Warning: Array to string conversion in /home/futureof/www/www/wp-content/plugins/advanced-custom-fields-pro/includes/api/api-template.php on line 1057

Warning: Array to string conversion in /home/futureof/www/www/wp-content/plugins/advanced-custom-fields-pro/includes/api/api-template.php on line 1073

Innovations in Third Party Management: Bank of Montreal

Published October 14, 2022

Written by: Future of Sourcing Awards
Author Image

Future of Sourcing Awards

The 2023 Future of Sourcing Awards recognizes organizations and individuals that show innovation, leadership and transformation in categories that are critical to the sourcing industry. The Awards will take place on October 18, 2023, the capstone evening at the SIG Global Executive Summit. Attendees will enjoy dinner, networking and an awards ceremony that brings together some of the brightest minds to create a truly remarkable experience.


Read More

Can you outline why your team embarked on this project and the problem that needed to be solved?

The existing contracts for BMO’s two armored car carriers (ACC suppliers) and Canadian cash processor were expiring. Our Sourcing team was originally engaged to support business-as-usual standard renewals, but we saw a greater opportunity to simplify, standardize and integrate our cash management process by moving to a sole source provider for turnkey cash management.

How were things done originally and what was the inspiration to innovate the process?

The initial driver for change came from the imminent expiration of our existing contracts, but not every great project starts with a need. In this case, we saw an opportunity to transform far beyond current state to simultaneously find a better way to manage cash and to reduce the administrative burden required by BMO. At first, our goal was simply to secure a competitive ACC deal, along with any other value-add opportunities that we could uncover or create. As we started work on the project, our goals expanded to include a transformation of BMO’s cash ecosystem that would ultimately deliver an integrated end-to-end cash management solution and additional capacity for our branch teams to enhance the customer experience.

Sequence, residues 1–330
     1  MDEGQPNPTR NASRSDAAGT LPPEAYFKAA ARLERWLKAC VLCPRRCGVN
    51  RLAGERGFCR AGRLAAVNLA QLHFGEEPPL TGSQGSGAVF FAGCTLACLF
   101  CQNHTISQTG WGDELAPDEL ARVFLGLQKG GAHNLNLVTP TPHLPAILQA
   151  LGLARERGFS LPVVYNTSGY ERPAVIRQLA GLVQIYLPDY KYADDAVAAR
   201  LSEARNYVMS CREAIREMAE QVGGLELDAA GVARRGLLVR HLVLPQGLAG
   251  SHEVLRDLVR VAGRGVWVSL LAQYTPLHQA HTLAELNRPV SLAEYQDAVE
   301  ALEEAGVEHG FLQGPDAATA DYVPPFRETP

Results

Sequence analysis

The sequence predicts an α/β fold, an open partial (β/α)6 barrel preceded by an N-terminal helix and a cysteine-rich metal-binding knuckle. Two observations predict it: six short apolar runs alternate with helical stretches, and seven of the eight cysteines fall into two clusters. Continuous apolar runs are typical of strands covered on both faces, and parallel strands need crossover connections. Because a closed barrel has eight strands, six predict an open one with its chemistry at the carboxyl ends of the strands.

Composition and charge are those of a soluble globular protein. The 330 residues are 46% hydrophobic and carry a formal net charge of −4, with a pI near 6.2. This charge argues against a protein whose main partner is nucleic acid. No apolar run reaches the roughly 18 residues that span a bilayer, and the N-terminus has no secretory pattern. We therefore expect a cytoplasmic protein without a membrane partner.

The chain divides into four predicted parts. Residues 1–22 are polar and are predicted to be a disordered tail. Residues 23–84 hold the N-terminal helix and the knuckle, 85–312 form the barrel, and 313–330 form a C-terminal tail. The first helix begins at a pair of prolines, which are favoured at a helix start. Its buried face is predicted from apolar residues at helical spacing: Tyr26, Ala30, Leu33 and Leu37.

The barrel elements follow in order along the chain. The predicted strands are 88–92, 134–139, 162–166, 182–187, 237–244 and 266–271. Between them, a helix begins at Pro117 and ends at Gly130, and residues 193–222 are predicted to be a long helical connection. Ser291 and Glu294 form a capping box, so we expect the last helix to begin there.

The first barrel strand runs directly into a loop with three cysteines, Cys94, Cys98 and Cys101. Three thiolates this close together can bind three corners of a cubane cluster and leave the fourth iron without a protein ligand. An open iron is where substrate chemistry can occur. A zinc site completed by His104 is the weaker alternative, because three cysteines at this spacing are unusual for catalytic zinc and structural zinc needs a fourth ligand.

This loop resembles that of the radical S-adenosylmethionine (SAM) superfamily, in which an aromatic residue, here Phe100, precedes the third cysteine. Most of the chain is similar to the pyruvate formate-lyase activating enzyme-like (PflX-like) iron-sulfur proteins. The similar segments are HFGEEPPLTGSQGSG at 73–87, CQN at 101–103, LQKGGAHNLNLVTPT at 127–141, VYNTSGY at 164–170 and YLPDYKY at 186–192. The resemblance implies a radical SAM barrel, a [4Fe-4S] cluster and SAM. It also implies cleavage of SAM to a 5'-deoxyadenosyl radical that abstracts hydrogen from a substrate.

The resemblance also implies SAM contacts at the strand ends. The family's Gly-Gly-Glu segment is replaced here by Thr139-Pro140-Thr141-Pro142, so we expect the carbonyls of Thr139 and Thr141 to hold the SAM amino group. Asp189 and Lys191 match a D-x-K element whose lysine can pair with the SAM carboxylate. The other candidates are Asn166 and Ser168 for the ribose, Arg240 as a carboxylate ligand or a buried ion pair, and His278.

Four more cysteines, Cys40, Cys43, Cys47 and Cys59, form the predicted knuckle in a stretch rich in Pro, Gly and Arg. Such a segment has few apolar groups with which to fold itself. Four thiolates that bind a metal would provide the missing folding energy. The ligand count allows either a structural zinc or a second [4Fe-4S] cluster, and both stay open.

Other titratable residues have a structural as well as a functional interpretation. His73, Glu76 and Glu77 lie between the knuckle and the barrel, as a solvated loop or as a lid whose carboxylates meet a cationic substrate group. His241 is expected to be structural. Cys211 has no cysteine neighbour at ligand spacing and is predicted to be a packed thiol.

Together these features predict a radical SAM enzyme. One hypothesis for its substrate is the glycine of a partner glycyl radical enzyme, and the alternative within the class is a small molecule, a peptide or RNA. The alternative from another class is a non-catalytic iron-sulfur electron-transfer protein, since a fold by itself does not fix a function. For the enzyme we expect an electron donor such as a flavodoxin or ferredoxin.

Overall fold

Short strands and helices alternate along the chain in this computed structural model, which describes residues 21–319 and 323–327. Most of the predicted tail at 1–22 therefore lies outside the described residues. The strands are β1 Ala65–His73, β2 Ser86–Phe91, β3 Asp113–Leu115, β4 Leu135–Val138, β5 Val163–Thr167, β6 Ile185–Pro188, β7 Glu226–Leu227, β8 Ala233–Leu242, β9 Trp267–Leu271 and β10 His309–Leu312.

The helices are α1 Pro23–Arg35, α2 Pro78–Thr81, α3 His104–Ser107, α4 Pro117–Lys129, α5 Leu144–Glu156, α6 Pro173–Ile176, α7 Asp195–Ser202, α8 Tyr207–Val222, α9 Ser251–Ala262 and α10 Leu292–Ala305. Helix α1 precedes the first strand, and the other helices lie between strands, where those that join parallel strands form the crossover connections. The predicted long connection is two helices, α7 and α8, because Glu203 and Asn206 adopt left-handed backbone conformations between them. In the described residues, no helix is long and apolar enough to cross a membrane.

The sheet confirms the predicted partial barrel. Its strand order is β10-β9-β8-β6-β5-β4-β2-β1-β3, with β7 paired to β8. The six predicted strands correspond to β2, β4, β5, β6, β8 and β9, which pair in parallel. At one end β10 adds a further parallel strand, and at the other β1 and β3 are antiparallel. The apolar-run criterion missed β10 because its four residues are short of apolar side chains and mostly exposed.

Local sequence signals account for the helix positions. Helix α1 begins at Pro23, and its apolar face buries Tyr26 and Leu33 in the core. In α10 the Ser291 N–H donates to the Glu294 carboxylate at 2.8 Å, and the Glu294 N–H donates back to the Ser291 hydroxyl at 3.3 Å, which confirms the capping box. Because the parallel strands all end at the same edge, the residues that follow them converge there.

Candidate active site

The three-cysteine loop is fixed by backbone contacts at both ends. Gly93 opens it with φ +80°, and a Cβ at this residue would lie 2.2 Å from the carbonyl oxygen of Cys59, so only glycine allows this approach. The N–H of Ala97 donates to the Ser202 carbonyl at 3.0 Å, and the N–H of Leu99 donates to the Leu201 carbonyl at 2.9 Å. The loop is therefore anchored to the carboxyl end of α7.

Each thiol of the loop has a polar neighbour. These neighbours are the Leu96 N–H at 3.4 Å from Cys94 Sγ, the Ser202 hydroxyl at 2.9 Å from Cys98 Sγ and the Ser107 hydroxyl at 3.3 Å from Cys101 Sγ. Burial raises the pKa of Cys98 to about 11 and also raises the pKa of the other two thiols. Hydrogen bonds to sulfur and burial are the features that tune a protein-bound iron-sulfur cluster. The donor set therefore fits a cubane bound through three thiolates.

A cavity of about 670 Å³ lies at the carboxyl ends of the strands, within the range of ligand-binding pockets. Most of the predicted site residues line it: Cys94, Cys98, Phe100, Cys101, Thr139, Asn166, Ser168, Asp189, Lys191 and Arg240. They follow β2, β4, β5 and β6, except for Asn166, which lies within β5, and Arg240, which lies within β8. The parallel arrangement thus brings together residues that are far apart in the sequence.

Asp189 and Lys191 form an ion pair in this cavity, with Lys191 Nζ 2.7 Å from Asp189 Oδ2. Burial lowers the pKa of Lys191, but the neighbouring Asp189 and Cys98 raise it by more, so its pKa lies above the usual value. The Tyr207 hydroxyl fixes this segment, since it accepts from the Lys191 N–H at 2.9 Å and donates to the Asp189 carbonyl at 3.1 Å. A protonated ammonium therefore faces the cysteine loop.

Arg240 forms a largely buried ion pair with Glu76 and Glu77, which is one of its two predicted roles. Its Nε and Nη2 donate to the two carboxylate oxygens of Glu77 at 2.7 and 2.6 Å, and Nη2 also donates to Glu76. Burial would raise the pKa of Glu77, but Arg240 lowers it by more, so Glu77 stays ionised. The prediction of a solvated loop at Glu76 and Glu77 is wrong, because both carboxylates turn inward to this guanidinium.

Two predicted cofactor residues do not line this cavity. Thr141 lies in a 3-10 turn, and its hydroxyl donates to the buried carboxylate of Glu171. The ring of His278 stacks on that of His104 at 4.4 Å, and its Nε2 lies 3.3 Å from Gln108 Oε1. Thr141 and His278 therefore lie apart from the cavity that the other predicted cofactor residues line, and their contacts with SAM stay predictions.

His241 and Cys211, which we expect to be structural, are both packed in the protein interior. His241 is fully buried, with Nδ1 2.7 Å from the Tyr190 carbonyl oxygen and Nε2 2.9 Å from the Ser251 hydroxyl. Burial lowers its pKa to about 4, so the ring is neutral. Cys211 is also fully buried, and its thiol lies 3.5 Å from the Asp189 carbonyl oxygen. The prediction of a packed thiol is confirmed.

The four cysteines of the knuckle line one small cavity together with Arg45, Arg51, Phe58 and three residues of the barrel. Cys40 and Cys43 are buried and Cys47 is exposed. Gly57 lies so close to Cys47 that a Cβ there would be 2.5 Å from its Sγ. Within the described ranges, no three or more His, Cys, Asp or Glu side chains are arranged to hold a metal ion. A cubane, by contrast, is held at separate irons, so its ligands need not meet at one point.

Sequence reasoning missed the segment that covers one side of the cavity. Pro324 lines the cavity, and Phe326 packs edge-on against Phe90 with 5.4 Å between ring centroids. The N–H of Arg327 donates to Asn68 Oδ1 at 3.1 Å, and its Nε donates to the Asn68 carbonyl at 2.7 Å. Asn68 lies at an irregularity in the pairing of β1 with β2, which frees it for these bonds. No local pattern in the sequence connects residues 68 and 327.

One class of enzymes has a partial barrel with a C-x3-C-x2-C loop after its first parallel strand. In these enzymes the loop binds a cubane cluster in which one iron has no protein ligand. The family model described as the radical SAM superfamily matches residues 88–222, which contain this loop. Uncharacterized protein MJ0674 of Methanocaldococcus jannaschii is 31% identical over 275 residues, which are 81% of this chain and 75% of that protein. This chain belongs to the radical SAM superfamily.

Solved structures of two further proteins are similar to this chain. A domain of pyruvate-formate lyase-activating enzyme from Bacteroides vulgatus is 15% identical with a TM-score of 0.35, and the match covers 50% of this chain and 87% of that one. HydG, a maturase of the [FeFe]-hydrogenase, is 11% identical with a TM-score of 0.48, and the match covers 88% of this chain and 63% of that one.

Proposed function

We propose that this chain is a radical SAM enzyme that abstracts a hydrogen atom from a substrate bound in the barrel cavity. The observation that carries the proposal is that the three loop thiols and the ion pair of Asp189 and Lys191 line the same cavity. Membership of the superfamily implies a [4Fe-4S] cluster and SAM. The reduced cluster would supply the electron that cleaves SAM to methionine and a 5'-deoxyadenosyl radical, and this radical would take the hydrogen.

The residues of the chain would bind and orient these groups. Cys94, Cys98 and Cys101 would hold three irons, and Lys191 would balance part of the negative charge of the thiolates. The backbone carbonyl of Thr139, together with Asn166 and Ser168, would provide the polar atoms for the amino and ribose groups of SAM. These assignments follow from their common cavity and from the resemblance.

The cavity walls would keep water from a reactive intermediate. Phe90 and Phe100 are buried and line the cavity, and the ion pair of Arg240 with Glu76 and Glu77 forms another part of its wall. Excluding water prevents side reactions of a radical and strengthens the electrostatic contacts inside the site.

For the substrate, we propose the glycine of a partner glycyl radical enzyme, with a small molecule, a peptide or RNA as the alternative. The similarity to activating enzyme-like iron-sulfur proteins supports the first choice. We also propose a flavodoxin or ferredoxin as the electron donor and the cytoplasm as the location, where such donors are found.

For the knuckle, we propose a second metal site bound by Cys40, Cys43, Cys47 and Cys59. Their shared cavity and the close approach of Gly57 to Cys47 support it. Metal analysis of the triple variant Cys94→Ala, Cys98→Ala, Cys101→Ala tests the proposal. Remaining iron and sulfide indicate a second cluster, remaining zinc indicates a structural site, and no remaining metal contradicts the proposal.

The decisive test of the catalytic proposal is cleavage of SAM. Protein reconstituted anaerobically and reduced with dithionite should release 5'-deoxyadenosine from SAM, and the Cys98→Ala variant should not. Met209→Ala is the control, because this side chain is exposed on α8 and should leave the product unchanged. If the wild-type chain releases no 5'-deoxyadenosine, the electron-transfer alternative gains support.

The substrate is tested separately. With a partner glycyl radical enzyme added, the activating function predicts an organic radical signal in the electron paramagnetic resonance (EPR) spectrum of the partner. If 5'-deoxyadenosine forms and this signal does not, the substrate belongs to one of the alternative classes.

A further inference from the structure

What KPIs did you use to measure success for this project? (For example: performance, customer satisfaction, revenue, sales or relevant financial gains?)

This project allowed us to transition work that had traditionally been performed by branch personnel (around-the-clock customer deposit drop processing, branch ATM servicing) to our selected sole source provider. This transformation saved an average of 18 hours of administration per branch per month, translating to 57 Full Time Employee (FTE) worth of work reduction and 43 FTE worth in capacity creation. The net outcome is $56MM CAD savings over the five-year contract term and a shift to more value-added activity focused on identifying and meeting customer needs and enhancing the employee experience. 
Supplier savings were secured through supplier economies of scale, resulting in incentives and cost reductions. Capacity creation was confirmed via time studies, and all savings were formalized as part of our approval process. The entire project was a departure from our expectations, as we were initially engaged to renegotiate existing contracts and maintain the status quo with our ACC suppliers. All the work reduction and capacity creation achieved were net new, and not even in scope of our initial expectations. 
This initiative has been extremely transformative to BMO’s cash ecosystem, as it shifted work and accountability for cash management to a sole source provider while enabling a better connection between cash inventory and customer demand through the simplification, standardization and integration of our cash management process. Cash is now managed holistically as a turnkey process.